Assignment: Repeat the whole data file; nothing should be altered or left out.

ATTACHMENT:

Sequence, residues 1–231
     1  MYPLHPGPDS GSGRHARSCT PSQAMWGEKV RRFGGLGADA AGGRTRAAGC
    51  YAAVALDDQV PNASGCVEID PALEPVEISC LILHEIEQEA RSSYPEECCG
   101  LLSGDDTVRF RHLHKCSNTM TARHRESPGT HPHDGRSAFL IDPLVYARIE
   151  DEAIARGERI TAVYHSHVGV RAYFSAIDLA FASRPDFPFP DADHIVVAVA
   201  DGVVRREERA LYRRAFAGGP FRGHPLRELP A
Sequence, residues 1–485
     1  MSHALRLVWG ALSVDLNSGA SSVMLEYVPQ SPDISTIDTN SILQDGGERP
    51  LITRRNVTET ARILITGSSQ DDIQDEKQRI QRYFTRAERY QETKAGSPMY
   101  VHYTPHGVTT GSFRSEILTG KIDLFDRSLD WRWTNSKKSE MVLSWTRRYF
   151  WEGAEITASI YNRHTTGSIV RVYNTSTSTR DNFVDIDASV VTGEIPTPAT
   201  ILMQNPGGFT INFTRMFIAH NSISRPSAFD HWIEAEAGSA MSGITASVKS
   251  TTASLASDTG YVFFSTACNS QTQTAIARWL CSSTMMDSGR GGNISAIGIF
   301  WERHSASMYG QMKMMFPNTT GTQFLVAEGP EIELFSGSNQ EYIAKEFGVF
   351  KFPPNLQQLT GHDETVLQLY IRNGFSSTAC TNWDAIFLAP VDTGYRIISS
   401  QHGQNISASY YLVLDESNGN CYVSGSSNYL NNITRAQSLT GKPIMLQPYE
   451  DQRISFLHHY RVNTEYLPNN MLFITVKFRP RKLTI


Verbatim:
Sequence, residues 1–231
     1  MYPLHPGPDS GSGRHARSCT PSQAMWGEKV RRFGGLGADA AGGRTRAAGC
    51  YAAVALDDQV PNASGCVEID PALEPVEISC LILHEIEQEA RSSYPEECCG
   101  LLSGDDTVRF RHLHKCSNTM TARHRESPGT HPHDGRSAFL IDPLVYARIE
   151  DEAIARGERI TAVYHSHVGV RAYFSAIDLA FASRPDFPFP DADHIVVAVA
   201  DGVVRREERA LYRRAFAGGP FRGHPLRELP A
Sequence, residues 1–485
     1  MSHALRLVWG ALSVDLNSGA SSVMLEYVPQ SPDISTIDTN SILQDGGERP
    51  LITRRNVTET ARILITGSSQ DDIQDEKQRI QRYFTRAERY QETKAGSPMY
   101  VHYTPHGVTT GSFRSEILTG KIDLFDRSLD WRWTNSKKSE MVLSWTRRYF
   151  WEGAEITASI YNRHTTGSIV RVYNTSTSTR DNFVDIDASV VTGEIPTPAT
   201  ILMQNPGGFT INFTRMFIAH NSISRPSAFD HWIEAEAGSA MSGITASVKS
   251  TTASLASDTG YVFFSTACNS QTQTAIARWL CSSTMMDSGR GGNISAIGIF
   301  WERHSASMYG QMKMMFPNTT GTQFLVAEGP EIELFSGSNQ EYIAKEFGVF
   351  KFPPNLQQLT GHDETVLQLY IRNGFSSTAC TNWDAIFLAP VDTGYRIISS
   401  QHGQNISASY YLVLDESNGN CYVSGSSNYL NNITRAQSLT GKPIMLQPYE
   451  DQRISFLHHY RVNTEYLPNN MLFITVKFRP RKLTI